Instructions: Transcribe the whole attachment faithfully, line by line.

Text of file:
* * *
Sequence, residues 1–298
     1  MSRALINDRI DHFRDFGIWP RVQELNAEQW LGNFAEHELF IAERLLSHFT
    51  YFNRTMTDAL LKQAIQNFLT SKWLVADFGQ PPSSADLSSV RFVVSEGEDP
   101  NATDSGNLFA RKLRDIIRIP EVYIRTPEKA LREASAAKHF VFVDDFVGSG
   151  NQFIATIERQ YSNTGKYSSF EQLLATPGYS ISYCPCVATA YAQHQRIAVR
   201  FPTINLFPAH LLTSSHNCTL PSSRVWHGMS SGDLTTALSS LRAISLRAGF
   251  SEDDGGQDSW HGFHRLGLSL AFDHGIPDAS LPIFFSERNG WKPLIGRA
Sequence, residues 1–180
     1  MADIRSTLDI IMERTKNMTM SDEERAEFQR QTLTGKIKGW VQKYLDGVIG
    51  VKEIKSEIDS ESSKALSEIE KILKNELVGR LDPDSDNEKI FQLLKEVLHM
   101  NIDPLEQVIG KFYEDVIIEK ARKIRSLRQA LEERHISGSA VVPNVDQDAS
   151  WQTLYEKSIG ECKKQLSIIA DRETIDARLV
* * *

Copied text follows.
Sequence, residues 1–298
     1  MSRALINDRI DHFRDFGIWP RVQELNAEQW LGNFAEHELF IAERLLSHFT
    51  YFNRTMTDAL LKQAIQNFLT SKWLVADFGQ PPSSADLSSV RFVVSEGEDP
   101  NATDSGNLFA RKLRDIIRIP EVYIRTPEKA LREASAAKHF VFVDDFVGSG
   151  NQFIATIERQ YSNTGKYSSF EQLLATPGYS ISYCPCVATA YAQHQRIAVR
   201  FPTINLFPAH LLTSSHNCTL PSSRVWHGMS SGDLTTALSS LRAISLRAGF
   251  SEDDGGQDSW HGFHRLGLSL AFDHGIPDAS LPIFFSERNG WKPLIGRA
Sequence, residues 1–180
     1  MADIRSTLDI IMERTKNMTM SDEERAEFQR QTLTGKIKGW VQKYLDGVIG
    51  VKEIKSEIDS ESSKALSEIE KILKNELVGR LDPDSDNEKI FQLLKEVLHM
   101  NIDPLEQVIG KFYEDVIIEK ARKIRSLRQA LEERHISGSA VVPNVDQDAS
   151  WQTLYEKSIG ECKKQLSIIA DRETIDARLV